Intestinal microbiota modulates tumour response in cancer patients
By Pr. Ener Cagri Dinleyici
Professor in Pediatrics, Eskisehir Osmangazi University Faculty of Medicine; Department of Pediatrics, Eskisehir, Turkey
About this article
On February 4, 2018, World Cancer Day, the World Health Organization (WHO) stated on their website “Nearly every family in the world is touched by cancer, which is now responsible for almost one in six deaths globally. On World Cancer Day (February 4), the WHO highlights that cancer no longer needs to be a death sentence, as the capacity exists to reduce its burden and improve the survival and quality of life of people living with the disease” .
Over the last 10 years, tremendous advances have been made for cancer patients using new treatment strategies, including immune checkpoint inhibitors that target cytotoxic T-lymphocyte-associated antigen (CTLA-4) and programmed death 1 (PD-1) protein. However, therapeutic responses to these new treatment modalities are often heterogeneous, and some non-responder patients have been reported. The intestinal microbiome has been suggested to be an important host factor for non-responder patients, along with tumour genomics. Previous studies on microbiota and cancer have mainly focused on alterations in the intestinal microbiota of cancer patients (oncobiome) or microbiota precursors in order to define early-stage cancers, mainly colorectal cancers. However, promising new results regarding the influence of intestinal microbiota on anti-tumour immune responses have emerged. Two new studies were published in the first issue of Science this year.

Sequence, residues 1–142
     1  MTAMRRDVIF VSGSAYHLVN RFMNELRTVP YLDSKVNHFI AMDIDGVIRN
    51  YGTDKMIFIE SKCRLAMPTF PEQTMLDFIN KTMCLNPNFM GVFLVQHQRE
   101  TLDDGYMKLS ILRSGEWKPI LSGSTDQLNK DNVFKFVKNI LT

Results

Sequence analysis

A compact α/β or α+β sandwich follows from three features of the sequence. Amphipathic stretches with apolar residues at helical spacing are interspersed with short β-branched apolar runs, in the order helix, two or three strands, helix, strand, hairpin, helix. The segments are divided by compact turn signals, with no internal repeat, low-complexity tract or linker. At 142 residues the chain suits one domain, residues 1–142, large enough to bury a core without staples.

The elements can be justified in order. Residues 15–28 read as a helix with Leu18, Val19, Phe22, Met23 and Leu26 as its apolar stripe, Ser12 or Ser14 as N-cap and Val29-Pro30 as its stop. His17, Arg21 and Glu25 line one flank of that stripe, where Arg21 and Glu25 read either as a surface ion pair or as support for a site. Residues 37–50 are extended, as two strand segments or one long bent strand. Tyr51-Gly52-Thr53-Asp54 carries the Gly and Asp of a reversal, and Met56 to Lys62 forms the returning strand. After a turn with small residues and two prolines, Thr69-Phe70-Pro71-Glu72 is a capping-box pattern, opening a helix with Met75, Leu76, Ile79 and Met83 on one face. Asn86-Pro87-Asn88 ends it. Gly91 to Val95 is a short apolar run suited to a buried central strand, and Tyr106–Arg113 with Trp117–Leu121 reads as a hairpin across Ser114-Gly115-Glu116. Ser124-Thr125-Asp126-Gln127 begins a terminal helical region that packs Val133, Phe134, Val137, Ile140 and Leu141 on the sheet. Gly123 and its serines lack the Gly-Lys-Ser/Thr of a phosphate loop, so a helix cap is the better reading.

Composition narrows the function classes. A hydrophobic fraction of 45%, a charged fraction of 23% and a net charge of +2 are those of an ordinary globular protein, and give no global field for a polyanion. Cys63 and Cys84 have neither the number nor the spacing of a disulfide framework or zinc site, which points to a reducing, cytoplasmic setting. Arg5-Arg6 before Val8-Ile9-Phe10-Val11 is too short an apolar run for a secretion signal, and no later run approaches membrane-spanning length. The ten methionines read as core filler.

• Gopalakrishnan et al.  evaluated the intestinal and oral microbiome in 112 patients with malignant melanoma, receiving anti-PD-1 immunotherapy, and compared baseline microbiota composition between cancer responders and non-responders. They revealed significant differences in the diversity and composition of intestinal microbiota between responders and non-responders. Significantly higher alpha diversity and relative abundance of Ruminococcaceae/Faecalibacterium was observed in responders, and this favourable intestinal microbiota composition has been suggested to enhance systemic and anti-tumour immunity among patients with melanoma. Patients with a low diversity and relatively high abundance of Bacteroidales (unfavourable intestinal microbiome) have impaired anti-tumour immune responses.
• Matson et al.  also evaluated the composition of baseline intestinal microbiota in patients with metastatic melanoma before receiving anti-PD-L1 therapy. Among the responders to treatment, Bifidobacterium longum, Collinsella aerofaciens, and Enterococcus faecium have been shown to be predominant members of the microbiota. These authors suggest that the commensal microbiome may exhibit a mechanistic impact on anti-tumour immunity in patients with metastatic melanoma. In the light of the results from these two previous clinical studies, it is thought that baseline intestinal microbiota may play a critical role in mediating the immune- stimulant response in melanoma patients receiving immunotherapy, such as anti-PD-L1 therapy. Further prospective studies are needed to reveal the precise interactions between the microbiome and cancer, not only in melanoma patients, but in terms of potential relevance for all types of cancer and the different treatment strategies.
1 World Cancer Day 2018. http://www.who.int/cancer/world-cancer- day/2018/en/